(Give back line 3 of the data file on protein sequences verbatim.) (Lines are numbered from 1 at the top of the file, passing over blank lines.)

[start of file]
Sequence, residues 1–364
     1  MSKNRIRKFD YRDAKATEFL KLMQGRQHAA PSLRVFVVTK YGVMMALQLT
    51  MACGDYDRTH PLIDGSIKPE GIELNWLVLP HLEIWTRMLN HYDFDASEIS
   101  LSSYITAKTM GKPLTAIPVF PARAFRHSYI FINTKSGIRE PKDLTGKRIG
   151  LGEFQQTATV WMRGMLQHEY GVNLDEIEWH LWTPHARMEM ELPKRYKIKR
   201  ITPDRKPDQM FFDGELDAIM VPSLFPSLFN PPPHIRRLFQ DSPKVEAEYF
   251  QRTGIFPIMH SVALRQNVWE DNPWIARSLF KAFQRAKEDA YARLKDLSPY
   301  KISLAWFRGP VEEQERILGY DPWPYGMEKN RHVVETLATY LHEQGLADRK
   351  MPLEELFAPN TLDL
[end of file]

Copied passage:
    51  MACGDYDRTH PLIDGSIKPE GIELNWLVLP HLEIWTRMLN HYDFDASEIS